Ask one of the millions of tourists who flock to Harvard Yard each year to describe the University’s campus, and chances are you’ll hear the word “historic.” In the world of green construction, however, Harvard’s storied old buildings are positively cutting edge.
That’s in no small part due to the University’s commitment to building and renovating with an eye toward sustainability, a goal driven home by a recent milestone. As of this week, Harvard became the first higher education institution to complete 50 Leadership in Energy and Environmental Design (LEED) certifications for construction projects around campus, a process 10 years in the making.
The 50 projects represent a broad commitment to the Green Building Standards that Harvard adopted in 2009. The University’s green building projects cover 1.5 million square feet, with another 3 million in the works. (That dedication also runs deep. The geothermal wells that help heat and cool Byerly Hall reach 1,500 feet underground, undetected by passersby on the Radcliffe Quad.)
Forty more LEED projects are being conceptualized and built, with the help of Harvard’s central Office for Sustainability and the Campus Services Green Building Services Team, which consults with various Schools and departments on its green construction projects.
The milestone wouldn’t be possible without the effort of staff members across Harvard, who helped the University to lead by example in sustainable building practices, said Harvard President Drew Faust.
“As a university, we have a special responsibility to confront the challenges of climate change not only through academic research but by transforming the way we operate our campus,” Faust said.
Harvard’s contribution to green-building culture goes well beyond hitting the new milestone, said Kristin Simmons, higher education associate for the U.S. Green Building Council, which sets LEED guidelines.
“Sustainability at Harvard is comprehensive in that it really has taken an approach of institutional change, and not just doing things for ‘eco-bling,’ or the wow factor,” Simmons said.
The University has also led the way in sharing information and best practices on green.harvard.edu, she said.
“We’ve had a number of institutions that’ve told us it’s so helpful to see what [Harvard has] done,” Simmons said. “The case studies … made publicly available online are really unique within higher education, and in fact within green building in any sector.”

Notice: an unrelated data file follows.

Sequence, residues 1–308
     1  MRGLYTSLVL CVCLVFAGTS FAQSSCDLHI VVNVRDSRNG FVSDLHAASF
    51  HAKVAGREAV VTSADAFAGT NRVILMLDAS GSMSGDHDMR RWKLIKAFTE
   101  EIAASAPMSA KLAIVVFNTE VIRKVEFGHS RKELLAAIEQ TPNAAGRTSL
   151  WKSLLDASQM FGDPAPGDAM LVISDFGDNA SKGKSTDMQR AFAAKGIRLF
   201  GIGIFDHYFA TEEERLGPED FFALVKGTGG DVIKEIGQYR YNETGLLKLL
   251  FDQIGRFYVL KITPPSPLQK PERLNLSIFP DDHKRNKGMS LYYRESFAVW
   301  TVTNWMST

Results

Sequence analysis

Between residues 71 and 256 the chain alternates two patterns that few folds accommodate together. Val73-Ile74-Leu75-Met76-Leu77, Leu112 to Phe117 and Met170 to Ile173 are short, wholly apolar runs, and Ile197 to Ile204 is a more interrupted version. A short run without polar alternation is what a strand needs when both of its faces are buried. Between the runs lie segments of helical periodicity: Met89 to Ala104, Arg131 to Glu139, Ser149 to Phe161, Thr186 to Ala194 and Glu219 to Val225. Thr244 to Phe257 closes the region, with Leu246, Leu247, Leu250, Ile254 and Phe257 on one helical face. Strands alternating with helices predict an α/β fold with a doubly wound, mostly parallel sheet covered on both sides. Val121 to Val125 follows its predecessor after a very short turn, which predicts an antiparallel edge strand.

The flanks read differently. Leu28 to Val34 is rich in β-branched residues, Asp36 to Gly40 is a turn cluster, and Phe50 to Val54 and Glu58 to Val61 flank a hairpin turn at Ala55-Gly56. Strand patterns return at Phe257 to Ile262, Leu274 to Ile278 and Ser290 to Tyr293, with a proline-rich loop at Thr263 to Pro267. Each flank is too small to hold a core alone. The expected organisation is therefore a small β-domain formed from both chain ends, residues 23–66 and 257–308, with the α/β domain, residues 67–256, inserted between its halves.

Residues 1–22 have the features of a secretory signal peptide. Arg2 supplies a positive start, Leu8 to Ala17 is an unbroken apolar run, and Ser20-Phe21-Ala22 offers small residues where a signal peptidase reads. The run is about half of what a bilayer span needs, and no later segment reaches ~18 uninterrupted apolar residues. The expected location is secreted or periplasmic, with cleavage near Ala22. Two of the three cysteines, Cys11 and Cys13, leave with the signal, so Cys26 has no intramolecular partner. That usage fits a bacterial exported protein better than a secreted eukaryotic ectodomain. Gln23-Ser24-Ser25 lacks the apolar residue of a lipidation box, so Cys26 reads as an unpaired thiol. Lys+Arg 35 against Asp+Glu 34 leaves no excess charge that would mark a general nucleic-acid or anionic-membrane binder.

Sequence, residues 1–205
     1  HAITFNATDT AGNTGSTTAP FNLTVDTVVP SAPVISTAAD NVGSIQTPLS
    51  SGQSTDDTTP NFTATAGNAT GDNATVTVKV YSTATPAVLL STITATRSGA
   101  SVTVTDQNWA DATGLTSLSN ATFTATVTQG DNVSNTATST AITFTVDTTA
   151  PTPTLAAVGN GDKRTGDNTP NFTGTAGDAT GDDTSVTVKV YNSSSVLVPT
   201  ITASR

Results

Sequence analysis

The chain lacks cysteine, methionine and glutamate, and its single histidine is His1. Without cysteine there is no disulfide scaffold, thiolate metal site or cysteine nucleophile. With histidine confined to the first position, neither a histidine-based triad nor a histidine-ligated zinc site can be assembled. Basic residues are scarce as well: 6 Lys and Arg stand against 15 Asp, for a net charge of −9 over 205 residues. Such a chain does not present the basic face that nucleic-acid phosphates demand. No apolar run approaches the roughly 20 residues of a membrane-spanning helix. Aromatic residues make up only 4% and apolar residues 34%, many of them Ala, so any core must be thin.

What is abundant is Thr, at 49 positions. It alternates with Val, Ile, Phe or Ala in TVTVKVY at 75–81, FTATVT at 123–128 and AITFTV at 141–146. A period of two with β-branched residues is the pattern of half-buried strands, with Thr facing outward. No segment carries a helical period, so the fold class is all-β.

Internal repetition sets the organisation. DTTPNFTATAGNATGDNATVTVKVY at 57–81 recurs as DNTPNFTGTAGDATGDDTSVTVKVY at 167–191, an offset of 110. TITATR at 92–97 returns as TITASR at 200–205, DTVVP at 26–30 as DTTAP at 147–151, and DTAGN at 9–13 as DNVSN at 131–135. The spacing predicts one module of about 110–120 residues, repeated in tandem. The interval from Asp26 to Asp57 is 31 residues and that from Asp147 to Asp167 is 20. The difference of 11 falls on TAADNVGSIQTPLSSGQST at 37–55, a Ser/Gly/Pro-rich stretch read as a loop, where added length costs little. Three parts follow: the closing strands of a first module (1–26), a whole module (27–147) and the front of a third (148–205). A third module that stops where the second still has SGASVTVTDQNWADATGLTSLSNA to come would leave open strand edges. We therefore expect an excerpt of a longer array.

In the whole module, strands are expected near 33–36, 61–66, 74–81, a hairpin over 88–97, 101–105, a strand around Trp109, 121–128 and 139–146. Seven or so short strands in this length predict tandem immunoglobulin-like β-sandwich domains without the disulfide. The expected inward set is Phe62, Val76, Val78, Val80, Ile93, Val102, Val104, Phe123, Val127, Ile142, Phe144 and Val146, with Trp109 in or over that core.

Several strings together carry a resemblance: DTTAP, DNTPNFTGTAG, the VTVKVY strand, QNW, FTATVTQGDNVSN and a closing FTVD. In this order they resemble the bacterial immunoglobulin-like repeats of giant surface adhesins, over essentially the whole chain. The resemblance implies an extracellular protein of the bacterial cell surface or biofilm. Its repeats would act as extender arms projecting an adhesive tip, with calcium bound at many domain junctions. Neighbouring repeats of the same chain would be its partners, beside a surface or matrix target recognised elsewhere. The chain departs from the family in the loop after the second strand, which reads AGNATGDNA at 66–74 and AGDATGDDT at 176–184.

Living up to LEED standards involves more than just the cut-glass “LEED Certified” plaque a building gets to hang on its wall. Outreach to the faculty, staff, and students who occupy Harvard’s buildings — whether to ask for input at the start of a project, or to educate them on how to lower their energy consumption once they move into a new space — is critical, said Heather Henriksen, director of the Office for Sustainability.
“I really think we have a culture here, driven by the students, that embraces sustainability and that really helps all the people who work on this issue to be effective,” Henriksen said.
But the occupants benefit from lowering energy use and building costs, too. Just ask the residents of the fourth floor of Holyoke Center, now an oasis of natural light, natural wood, and open space in the otherwise unremarkable-looking concrete building.
“Prior to this I was sharing a basement office with no windows,” said Ellen Hart, administrative manager for the Faculty of Arts and Sciences Advising Programs Office (APO), which moved to the space in August 2009 after its LEED-certified renovation. “It was basically a closet.”
“It’s nice because we do work together a lot, and I can just hop over to ask someone a question if I need to,” her colleague Rafael Quintanar, a management fellow in APO, added. “There’s so much flow to the space.”
Proponents argue that green building makes good sense for an institution like Harvard. Colleges and universities tend to be innovators when it comes to sustainable construction, Simmons said, adding that institutions of higher education have the highest percentage of LEED-certified space per square foot of any sector in America. Unlike most private companies, universities own and operate their own space rather than leasing it.
“In the commercial market, people buy and sell buildings really quickly,” Simmons said. “They don’t necessarily get the benefits of building well or choosing highly efficient options, so they’ll do what’s easiest and cheapest. Universities know that in 10 years, even in 100 years, it’s still going to be their building,” she added. “They’re going to reap the benefits of efficient and healthy buildings.”